- The optimal care is for all babies to receive breast milk
only. This policy addresses those infants who do not need IV
fluids and whose mothers have not established a breast milk
- In general, IV infusions should not be started if there are
no medical indications for IV fluids (such as respiratory
distress, hypoglycaemia etc.)
- Babies who need feeding should be given what motherís breast
milk is available and always receive motherís breast milk in
preference to formula. Be sure to check that no breast milk is
available before considering infant formula.
- If they require additional feeds, infants should then be started
on term infant formula, after discussion with their
mother/father. In such discussions, parents should be informed
that there are few - if any - adverse effects of formula used short
term in this way in a neonatal unit.
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review the evidence supporting this policy.
- For a baby who is already on an IV infusion, it is
reasonable to continue the infusion for a short time if motherís
milk supply is being established and there is a reasonable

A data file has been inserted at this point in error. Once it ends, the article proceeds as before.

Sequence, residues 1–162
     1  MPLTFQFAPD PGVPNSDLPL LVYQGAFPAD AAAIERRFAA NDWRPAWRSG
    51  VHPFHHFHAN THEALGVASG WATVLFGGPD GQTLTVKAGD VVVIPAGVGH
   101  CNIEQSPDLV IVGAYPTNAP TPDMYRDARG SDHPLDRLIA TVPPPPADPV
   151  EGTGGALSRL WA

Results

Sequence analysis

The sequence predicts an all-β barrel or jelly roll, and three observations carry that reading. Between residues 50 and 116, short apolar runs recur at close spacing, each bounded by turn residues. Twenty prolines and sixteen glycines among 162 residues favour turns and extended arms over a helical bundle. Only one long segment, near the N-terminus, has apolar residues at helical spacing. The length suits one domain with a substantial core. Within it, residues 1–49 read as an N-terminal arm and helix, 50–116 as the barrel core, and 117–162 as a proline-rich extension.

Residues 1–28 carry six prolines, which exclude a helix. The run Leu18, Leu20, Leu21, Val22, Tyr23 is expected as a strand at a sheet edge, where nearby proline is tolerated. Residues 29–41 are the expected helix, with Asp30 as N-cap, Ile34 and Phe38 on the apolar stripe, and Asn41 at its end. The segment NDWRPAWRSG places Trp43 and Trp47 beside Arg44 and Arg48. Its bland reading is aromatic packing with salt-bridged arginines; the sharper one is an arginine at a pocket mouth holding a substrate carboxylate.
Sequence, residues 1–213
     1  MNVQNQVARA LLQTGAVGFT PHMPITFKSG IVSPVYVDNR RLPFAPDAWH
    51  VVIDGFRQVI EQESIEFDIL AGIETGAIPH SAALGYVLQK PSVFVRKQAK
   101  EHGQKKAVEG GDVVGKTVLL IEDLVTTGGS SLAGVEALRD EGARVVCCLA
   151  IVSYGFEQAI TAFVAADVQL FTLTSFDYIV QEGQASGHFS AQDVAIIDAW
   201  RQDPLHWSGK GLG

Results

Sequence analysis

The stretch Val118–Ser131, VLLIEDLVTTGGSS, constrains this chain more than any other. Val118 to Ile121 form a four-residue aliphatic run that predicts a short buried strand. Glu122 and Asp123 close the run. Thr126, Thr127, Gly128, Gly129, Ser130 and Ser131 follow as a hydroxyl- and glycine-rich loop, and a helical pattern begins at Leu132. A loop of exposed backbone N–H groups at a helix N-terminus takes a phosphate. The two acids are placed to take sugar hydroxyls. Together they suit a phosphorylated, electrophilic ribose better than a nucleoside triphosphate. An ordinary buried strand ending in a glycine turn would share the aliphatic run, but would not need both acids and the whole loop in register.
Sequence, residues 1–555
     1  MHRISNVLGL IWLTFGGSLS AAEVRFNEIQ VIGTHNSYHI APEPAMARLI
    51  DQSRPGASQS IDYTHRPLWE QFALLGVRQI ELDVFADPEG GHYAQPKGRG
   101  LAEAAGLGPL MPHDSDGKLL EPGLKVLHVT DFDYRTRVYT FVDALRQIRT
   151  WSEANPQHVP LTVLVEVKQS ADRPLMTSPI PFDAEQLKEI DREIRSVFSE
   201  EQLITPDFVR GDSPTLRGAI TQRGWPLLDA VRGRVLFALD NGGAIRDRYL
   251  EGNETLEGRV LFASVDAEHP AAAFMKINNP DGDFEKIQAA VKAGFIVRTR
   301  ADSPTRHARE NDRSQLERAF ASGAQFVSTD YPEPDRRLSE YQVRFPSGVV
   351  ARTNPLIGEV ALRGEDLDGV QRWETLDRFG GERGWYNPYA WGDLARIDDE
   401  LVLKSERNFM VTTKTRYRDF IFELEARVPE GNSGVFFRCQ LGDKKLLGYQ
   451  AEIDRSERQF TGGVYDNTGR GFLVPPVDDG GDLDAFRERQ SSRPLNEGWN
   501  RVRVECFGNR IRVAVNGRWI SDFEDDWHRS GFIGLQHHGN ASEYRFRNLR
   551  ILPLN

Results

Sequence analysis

expectation that she will be producing enough breast milk with
in a day or so. This time period needs to be judged against the
ease of IV access and the condition of the baby. Babies should
not have IVs re-inserted solely because no breast milk is
- Smaller preterm infants will often have a medical indication
for ongoing IV fluids and in them it is desirable to increase
the oral fluids slowly. The pace of increase of oral fluids can
usually be matched to the increase in the availability of
expressed breast milk.
- Mothers should be advised and helped with
staff should discuss expressing as soon as possible. It is
accepted that the role of initially helping with expressing lies
with postnatal ward staff. NICU staff should support mothersí
expression of breast milk.
- Nasogastric feeding rather than bottle or cup feeding is
advantageous for ex-premature babies. Term babies who do not
have problems with hypoglycaemia can usually transition directly
from IV fluids to breast feeds. Alternatively, bottle or tube
feeds may be used for larger infants.
- NICU does not provide hydrolysed formula unless
there is a clinical indication (other than a history of
allergy). If there is a very strong family history of allergy,
hydrolysed formula may be supplied on an individual basis. Parents may supply their own formula (hydrolysed or non-cowís
milk preparations) if they wish.